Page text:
I seem to have one of those faces that puts people (even strangers) at ease, and because of this, I end up in a lot of interesting conversations with people at parties, on airplanes, in movie lines, etc.
If my new conversation buddy is single and discovers that I’m a dating and relationship coach, they often solicit impromptu dating advice from me. And time after time, the dialogue often goes like this:
Single person: “What’s the best way to get dating advice?”
Me: “Well, where have you been getting advice up to this point?”
Single person: “From my friends.” (work colleagues, neighbors, etc.)
Me: “Great! How are their relationships going?”
Single person: “They’re all single.”
I have to say, this always puzzles me. Why would you take advice from someone who is where you are now rather than where you want to be? Part of becoming successful at dating and sustaining happy relationships is knowing the right people to ask for advice on the topic. Skip the single friends who obviously haven’t figured out love any better than you have, and instead seek guidance from couples with actual long-term relationship success stories under their belt.
Find a couple who has been in a long-term, happy, healthy, committed relationship you actually admire, and ask them for advice. This couple will be a wealth of useful information because staying together (happily) takes a lot of energy, growth, compromise and caring. Make sure it’s a couple with a relationship dynamic you genuinely respect and then ask them:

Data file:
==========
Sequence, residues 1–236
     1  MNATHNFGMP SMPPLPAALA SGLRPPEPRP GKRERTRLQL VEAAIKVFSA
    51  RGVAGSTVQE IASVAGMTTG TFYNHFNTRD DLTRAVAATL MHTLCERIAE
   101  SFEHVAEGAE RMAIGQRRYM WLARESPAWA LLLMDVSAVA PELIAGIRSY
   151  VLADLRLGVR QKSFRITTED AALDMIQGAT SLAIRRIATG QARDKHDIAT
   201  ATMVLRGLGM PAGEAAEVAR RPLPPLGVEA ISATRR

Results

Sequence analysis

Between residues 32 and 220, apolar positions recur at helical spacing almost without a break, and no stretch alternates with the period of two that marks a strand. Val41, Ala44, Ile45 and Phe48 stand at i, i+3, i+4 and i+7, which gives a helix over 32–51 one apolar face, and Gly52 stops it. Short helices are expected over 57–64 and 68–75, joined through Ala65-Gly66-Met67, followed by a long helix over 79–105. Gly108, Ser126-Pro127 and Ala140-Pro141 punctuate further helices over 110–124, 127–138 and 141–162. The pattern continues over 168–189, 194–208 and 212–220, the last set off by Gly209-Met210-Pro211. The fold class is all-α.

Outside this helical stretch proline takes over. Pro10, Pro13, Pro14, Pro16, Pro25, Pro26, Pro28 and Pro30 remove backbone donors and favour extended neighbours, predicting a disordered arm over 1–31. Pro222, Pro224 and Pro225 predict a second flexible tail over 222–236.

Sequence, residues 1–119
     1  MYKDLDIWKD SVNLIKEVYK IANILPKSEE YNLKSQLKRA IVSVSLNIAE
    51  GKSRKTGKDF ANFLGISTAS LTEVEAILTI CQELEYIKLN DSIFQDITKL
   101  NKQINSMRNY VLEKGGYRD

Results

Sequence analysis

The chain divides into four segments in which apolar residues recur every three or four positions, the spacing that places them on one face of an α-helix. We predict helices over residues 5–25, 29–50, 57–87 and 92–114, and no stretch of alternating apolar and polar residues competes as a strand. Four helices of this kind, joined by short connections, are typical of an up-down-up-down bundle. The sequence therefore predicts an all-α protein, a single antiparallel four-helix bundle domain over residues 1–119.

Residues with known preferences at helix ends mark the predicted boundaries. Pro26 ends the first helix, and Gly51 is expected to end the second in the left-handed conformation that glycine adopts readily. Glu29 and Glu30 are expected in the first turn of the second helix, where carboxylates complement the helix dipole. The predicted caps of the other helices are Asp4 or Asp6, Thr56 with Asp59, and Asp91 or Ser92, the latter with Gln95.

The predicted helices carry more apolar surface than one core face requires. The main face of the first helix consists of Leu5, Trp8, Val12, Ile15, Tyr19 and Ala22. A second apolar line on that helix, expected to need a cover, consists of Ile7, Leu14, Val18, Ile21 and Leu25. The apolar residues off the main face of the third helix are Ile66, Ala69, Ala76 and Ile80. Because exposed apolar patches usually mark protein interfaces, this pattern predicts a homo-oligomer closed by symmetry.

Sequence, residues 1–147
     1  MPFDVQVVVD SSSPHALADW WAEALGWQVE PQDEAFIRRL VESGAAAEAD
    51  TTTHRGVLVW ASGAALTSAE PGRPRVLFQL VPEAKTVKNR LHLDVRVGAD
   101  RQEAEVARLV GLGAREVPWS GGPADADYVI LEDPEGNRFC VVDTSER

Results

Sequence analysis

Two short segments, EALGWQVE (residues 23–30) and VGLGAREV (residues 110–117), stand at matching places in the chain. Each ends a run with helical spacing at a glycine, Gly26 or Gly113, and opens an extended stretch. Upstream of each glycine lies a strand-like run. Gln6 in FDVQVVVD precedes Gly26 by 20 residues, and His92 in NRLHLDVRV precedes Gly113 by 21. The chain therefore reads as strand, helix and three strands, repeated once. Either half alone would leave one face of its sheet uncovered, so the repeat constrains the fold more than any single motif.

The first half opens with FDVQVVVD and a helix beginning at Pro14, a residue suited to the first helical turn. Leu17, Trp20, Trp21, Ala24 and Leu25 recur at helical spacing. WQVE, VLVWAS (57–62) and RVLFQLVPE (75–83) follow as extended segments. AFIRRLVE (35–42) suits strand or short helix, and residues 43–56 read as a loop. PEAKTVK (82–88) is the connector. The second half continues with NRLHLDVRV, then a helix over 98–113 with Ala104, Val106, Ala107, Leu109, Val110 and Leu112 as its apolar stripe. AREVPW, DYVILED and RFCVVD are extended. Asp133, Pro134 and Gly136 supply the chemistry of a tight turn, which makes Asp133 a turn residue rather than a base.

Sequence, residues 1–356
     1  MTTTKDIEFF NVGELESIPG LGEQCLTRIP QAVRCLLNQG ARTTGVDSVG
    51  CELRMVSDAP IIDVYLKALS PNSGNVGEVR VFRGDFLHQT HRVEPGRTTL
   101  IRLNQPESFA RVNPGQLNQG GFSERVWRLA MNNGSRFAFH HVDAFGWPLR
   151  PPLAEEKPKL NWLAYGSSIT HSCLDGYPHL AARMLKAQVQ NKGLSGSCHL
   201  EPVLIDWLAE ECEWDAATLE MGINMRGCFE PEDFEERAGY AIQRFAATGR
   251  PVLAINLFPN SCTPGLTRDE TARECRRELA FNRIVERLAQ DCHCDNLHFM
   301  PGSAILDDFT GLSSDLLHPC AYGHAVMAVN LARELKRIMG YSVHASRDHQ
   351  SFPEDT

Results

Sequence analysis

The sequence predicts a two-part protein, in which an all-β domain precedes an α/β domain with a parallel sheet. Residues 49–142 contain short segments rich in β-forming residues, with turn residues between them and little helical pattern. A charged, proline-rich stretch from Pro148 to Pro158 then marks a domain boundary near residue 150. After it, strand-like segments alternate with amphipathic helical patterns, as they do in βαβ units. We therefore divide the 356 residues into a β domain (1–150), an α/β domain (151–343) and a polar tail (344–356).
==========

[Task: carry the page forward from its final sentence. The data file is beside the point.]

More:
- How they met
- What each of them did while dating that successfully wooed the other person
- How they expressed (and continue to express) their needs to each other along the way
- How they handle disagreements
- How many times a day they laugh together
Talk to a couple where one (or both) have divorced previously and now are remarried. This couple will have wise and valuable advice because they have a basis for comparison gained from dating and marrying at different phases in their life. Ask this couple:
- What they learned from their first marriage
- What they learned when they were single
- What they did differently when they dated their current spouse
- What they are doing differently in this marriage versus their first
If religion is important to you, talk to married clergy member. Ask them:
- How their faith has helped and hindered their marriage
- About the challenges they’ve helped other couples overcome
- If they offer marriage preparation classes
Talk to a relationship coach, therapist or psychologist:
These professionals help countless couples navigate a wide variety of challenges, and they know proven steps to help prevent relationships problems in the first place. So learn what they know before you ever officially need them.
The bottom line is, before you assume you are doing everything wrong in love, consider that perhaps you’re just getting the wrong advice from the wrong “experts” (hint: your single friends are single for a reason). Seek wisdom from those already mastering relationship success and see if that doesn’t help improve your odds in love a bit.